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Goldsmiths - University of London

I Define My Own Identity Pacific Articulations of ‘Race’ and ‘Culture’on the Internet

Franklin, M. I.. 2003. I Define My Own Identity Pacific Articulations of ‘Race’ and ‘Culture’on the Internet. Ethnicities, 3(4), pp. 465-490. ISSN 1468-7968 [Article]

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Abstract or Description

Most of the participants in the internet discussion forums, the Kava Bowl and the Kamehameha Roundtable, herald from the South Pacific islands of Tonga and Samoa. These forums are part of a cluster of popular online meeting places for the ‘Polynesian Diaspora’ and other people from the Pacific Islands who live in the USA, Australia and New Zealand for the most part. They have been going strong since the mid-1990s, nearly as long as the worldwide web. One of the most recurring topics in the discussions is the nature of Tongan and/or Samoan ‘identity’ and how this relates to ‘living overseas’. In these discussions, participants - many of whom are of ‘mixed race’ - exchange personal experiences, political opinions, emotional and intellectual expectations about the outer and inner limits of race/ethnicity, and/or culture in their everyday lives. This article reconstructs several of the more substantial debates on the meaning and implications of ‘identity’ that show how these generations of the postcolonial South Pacific Islands are (re)defining what it means to be Tongan, Samoan - Polynesian - in a diasporic context. Discussions revolve around several axes; the personal and political issues of race (ethnicity) as everyday embodiments; Tongan/Samoan and Pacific Island cultures as negotiable rather than fixed practices; ways of turning colonialist categories for Pacific Island societies, such as ‘Polynesian’, into futurist tropes for communities who are often socioeconomically disadvantaged and discriminated against both ‘at home’ and ‘overseas’. As they argue, write, read, send emails and interact with one another on and offline, the creators of thousands of interwoven online texts over the years have been articulating ‘race’ and ‘culture’ on their own terms. They have been doing so in the public cyberspaces of the worldwide web, tracing, as they come and go, a nascent postcolonial politics of representation.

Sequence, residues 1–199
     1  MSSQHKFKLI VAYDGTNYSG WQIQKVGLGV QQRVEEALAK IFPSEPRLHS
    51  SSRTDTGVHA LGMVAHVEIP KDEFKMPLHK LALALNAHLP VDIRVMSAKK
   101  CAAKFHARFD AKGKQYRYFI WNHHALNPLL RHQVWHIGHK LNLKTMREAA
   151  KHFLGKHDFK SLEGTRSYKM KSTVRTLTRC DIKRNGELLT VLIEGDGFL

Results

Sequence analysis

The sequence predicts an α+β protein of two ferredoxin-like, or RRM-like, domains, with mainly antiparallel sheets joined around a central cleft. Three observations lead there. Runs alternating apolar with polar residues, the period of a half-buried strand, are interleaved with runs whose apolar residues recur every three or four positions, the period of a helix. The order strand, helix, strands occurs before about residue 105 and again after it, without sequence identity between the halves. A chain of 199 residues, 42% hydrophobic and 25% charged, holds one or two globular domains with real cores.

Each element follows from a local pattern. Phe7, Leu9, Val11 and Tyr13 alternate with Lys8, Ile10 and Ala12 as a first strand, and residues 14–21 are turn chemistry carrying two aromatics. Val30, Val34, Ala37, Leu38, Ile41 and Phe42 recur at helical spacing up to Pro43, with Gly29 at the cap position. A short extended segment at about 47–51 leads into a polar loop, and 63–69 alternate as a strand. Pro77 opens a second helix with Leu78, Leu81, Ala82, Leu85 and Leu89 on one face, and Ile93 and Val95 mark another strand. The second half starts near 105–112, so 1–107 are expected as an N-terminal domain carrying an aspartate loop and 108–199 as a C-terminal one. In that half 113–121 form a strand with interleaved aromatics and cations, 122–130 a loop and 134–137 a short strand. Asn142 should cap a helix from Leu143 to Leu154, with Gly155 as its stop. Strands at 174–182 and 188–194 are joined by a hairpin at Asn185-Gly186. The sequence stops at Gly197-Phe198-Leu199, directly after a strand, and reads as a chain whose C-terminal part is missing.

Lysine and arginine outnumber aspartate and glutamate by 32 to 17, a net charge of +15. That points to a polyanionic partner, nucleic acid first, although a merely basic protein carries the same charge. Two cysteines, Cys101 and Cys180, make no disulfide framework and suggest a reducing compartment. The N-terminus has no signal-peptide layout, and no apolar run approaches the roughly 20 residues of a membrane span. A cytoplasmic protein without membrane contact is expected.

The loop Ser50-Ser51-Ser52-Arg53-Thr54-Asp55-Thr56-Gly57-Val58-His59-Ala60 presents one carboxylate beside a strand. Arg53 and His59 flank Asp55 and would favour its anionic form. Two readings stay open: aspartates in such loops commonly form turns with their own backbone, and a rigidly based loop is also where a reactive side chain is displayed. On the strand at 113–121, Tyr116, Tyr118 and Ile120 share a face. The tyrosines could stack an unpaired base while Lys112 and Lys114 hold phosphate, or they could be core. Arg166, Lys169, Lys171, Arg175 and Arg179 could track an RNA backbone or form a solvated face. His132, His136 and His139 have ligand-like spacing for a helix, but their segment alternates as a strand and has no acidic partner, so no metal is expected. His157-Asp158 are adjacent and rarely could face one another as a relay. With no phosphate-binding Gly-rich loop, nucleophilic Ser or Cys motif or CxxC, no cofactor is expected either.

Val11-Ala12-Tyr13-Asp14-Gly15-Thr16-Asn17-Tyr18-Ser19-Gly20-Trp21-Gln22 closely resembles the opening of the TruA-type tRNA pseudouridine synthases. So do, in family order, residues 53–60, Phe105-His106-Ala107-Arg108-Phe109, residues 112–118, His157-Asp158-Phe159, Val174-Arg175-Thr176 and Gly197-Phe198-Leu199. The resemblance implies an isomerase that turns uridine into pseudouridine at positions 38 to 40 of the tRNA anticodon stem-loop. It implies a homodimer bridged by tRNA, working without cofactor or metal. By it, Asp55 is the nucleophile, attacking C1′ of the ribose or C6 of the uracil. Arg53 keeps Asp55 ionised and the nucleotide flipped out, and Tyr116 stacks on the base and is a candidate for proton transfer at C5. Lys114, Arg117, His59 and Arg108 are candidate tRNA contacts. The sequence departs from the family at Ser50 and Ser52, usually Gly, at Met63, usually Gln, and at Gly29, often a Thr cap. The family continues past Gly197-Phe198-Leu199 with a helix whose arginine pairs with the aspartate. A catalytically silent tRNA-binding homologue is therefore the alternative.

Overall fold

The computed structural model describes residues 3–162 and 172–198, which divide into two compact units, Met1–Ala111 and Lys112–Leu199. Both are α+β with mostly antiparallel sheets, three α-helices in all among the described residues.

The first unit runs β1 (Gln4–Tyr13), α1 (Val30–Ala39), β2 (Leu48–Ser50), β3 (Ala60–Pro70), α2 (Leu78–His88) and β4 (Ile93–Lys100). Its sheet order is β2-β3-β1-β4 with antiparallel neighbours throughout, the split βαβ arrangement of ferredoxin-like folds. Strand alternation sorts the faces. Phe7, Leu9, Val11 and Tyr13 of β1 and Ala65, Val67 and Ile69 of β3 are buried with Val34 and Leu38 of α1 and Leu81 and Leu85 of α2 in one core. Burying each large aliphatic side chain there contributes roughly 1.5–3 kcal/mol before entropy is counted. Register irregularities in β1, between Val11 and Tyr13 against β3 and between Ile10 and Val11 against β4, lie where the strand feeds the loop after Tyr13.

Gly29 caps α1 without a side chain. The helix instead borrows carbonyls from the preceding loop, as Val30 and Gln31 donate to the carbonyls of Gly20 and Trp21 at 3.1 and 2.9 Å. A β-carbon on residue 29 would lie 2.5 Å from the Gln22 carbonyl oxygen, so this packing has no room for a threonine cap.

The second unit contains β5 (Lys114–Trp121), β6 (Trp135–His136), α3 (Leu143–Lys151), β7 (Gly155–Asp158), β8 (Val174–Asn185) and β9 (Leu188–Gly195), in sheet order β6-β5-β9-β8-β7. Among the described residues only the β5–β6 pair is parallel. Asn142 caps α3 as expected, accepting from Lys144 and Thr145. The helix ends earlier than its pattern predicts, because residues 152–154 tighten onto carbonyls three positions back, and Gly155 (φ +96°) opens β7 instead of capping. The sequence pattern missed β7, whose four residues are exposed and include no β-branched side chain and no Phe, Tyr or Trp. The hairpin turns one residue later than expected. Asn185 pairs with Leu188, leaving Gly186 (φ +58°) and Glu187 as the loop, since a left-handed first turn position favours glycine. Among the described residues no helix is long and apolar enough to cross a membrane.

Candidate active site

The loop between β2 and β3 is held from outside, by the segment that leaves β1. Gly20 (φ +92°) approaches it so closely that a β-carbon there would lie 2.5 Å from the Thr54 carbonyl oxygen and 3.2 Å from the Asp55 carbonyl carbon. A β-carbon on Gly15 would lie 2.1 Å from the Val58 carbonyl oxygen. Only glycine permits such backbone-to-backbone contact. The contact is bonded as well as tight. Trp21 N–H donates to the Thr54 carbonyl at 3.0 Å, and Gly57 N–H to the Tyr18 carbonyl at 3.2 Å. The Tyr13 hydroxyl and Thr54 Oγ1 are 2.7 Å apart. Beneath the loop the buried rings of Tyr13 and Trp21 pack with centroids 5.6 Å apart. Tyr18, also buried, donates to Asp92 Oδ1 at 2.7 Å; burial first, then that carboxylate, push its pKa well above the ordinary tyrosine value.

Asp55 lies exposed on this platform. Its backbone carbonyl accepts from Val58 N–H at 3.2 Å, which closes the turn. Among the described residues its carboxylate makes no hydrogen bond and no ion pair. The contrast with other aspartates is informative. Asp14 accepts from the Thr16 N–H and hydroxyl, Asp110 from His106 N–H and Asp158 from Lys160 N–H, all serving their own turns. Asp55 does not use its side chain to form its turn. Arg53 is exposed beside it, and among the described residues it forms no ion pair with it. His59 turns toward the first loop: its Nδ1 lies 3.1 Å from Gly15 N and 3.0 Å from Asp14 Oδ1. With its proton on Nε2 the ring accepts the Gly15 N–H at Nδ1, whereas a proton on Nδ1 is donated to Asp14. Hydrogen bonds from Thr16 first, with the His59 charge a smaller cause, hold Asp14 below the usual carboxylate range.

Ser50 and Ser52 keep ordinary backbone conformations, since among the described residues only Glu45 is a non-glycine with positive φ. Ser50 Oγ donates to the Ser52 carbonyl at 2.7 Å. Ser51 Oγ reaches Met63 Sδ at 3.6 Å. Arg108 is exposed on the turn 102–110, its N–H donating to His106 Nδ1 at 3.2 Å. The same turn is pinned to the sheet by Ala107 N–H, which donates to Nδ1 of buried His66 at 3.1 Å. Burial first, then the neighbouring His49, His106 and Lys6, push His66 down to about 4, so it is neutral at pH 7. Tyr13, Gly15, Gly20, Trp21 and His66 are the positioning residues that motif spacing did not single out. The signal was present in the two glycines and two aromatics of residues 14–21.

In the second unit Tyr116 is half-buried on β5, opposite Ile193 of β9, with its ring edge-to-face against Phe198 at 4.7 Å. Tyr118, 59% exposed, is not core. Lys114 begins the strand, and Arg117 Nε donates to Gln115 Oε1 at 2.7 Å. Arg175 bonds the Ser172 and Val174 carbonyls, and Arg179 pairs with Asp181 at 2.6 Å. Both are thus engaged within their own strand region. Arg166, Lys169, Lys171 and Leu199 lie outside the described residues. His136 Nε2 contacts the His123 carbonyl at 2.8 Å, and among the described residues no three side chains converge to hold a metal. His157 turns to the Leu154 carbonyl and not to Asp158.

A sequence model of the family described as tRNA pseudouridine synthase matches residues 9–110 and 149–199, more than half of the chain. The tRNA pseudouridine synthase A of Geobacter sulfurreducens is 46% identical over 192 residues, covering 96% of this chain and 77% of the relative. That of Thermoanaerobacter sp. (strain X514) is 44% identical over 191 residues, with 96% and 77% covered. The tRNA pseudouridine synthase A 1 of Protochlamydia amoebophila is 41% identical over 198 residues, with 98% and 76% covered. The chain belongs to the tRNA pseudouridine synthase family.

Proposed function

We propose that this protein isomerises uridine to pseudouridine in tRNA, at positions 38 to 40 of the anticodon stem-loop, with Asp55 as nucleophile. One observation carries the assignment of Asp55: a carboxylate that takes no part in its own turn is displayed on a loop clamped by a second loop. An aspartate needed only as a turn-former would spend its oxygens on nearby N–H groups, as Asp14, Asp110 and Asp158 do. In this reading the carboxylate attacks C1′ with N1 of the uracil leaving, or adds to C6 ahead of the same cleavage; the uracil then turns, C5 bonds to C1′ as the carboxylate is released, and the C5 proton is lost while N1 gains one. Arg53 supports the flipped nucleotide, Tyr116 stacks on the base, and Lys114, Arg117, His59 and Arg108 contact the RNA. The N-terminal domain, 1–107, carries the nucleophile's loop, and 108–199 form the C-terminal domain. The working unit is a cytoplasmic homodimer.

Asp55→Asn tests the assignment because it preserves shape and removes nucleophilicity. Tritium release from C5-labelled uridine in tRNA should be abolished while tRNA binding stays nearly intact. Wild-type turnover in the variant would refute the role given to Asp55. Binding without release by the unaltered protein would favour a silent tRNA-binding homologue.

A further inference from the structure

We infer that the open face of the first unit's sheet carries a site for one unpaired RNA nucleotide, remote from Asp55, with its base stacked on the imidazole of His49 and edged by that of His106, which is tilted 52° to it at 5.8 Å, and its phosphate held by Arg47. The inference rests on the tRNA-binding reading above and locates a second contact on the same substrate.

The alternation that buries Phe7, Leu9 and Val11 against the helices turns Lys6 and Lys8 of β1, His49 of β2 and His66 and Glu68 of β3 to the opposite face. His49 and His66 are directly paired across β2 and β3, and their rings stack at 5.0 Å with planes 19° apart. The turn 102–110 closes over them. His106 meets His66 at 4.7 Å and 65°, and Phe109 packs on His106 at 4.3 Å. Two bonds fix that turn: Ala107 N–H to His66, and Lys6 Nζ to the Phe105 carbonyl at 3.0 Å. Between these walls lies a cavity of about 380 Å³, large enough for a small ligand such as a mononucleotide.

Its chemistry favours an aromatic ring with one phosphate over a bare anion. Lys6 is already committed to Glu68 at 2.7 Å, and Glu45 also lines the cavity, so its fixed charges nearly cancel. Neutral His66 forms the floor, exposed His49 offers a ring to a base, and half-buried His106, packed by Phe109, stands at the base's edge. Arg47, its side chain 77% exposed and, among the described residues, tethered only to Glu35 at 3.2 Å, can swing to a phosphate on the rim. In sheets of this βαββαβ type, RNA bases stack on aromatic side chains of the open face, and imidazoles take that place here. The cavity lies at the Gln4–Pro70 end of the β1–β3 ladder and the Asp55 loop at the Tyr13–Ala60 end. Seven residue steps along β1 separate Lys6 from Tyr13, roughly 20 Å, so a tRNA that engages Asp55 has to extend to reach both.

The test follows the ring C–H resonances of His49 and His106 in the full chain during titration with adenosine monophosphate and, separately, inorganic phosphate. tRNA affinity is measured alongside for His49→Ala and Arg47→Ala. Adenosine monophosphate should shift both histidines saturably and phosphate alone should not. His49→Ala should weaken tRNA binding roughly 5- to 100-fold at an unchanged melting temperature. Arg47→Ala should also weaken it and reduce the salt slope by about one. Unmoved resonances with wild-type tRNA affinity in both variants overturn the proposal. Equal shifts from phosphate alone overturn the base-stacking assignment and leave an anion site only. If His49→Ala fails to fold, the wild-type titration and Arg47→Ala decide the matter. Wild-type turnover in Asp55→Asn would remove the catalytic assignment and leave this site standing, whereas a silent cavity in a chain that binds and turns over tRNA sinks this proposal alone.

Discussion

Item Type: Article

Identification Number (DOI):

https://doi.org/10.1177/1468796803003004002

Departments, Centres and Research Units:

Media and Communications

Dates:

DateEvent
2003Published

Item ID:

14325

Date Deposited:

20 Oct 2015 15:21

Last Modified:

27 Jun 2017 14:17

Peer Reviewed:

Yes, this version has been peer-reviewed.

URI: http://research.gold.ac.uk/id/eprint/14325
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